What's Worrying Hillary Clinton's and Donald Trump's Campaigns Before the First Debate

Both campaigns have concerns before next Monday's debate in New York.

ORLANDO, Florida -- While Hillary Clinton and Donald Trump prepare for their first debate on Monday, aides in both their campaigns are expressing concern over how it will all go down.

The Trump campaign’s major concern: the candidate’s limited preparation. The Clinton camp’s biggest worry: that the Republican presidential nominee will be asked softer questions than Clinton.

“My biggest concern continues to be a low bar set for him on expectations,” Clinton’s communications director Jennifer Palmieri told reporters during a flight to Orlando, Florida, today, referring to the debate at Hofstra University in Hempstead, New York, on Sept. 26 — the first of three face-offs between the two White House hopefuls.

“People accommodate the questions and lower the bar on their questions to suit the candidate in front of them, and that’s what’s happened with Trump in the past. And they ask Hillary Clinton a set of much harder questions,” Palmieri said. “They ask him a set of easier questions because he has not put forward detailed ... material you can parry him on.”

Her concern stems from what the campaign considers to have been unfair treatment of Clinton during a recent NBC News national security forum that featured both candidates fielding questions from a moderator and audience members in separate segments.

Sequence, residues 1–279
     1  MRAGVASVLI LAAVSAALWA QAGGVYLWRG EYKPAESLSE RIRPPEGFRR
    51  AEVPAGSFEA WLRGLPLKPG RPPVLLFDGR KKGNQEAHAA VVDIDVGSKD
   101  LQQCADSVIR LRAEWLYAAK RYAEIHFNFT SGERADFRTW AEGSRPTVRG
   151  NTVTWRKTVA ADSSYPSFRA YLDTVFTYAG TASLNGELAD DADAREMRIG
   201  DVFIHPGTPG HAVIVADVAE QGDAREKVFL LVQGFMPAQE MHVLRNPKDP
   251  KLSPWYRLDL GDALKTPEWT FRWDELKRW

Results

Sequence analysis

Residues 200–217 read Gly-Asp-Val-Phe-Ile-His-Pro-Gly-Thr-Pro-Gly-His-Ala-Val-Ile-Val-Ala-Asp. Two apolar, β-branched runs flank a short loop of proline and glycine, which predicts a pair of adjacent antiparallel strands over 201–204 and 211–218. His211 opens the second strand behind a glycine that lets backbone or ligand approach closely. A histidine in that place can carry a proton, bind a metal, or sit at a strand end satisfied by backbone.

Clinton has been preparing for the debate for weeks, and she has no public campaign events planned for the rest of the week so she can continue studying. Aides say the former secretary of state — who is known for doing her homework — has been poring over briefing books and practicing in mock debates with a Trump stand-in.

She has been studying footage of Trump’s past debates. From this, Palmieri said, they believe the Republican nominee tends to do better in multicandidate settings, where he can hang back and pick his moments.

The campaign is also concerned about Trump’s unpredictable nature.

“You’re not sure who is going to show up. He may be aggressive or laid back,” Palmieri said.

And while it is common for campaigns to lower expectations before debates and other high-profile events, sources told ABC News that Trump’s preparation for the 90-minute one-on-one battle has been slim — so much so that his senior staff has become concerned about his lack of focus.

While Trump has boasted that he will win Monday’s debate, senior sources said he has not delved into policy or participated in mock debates. During his Sunday meetings in Bedminster, New Jersey — where he huddles with campaign chief Steve Bannon, campaign manager Kellyanne Conway, Roger Ailes and other advisers, including members of his family — the prep has become more of a discussion of topics and themes and not specific in nature. (Those sessions often become storytelling sessions rather than actual, intense preparation, according to senior sources.)

Trump, sources said, was given an iPad loaded with footage of old Clinton debates.

Unlike Clinton, who is spending almost the entire rest of the week preparing for Monday, Trump has a busy campaign schedule this week, with no large blocks of time carved out for debate prep. Aides said his debate sessions planned for this weekend have been moved to Trump Tower in New York City, away from his Bedminster estate and golf course, to help him focus.

The Trump campaign recently added a Saturday evening event in Roanoke, Virginia.

ABC News’ Tom Llamas and John Santucci contributed to this report.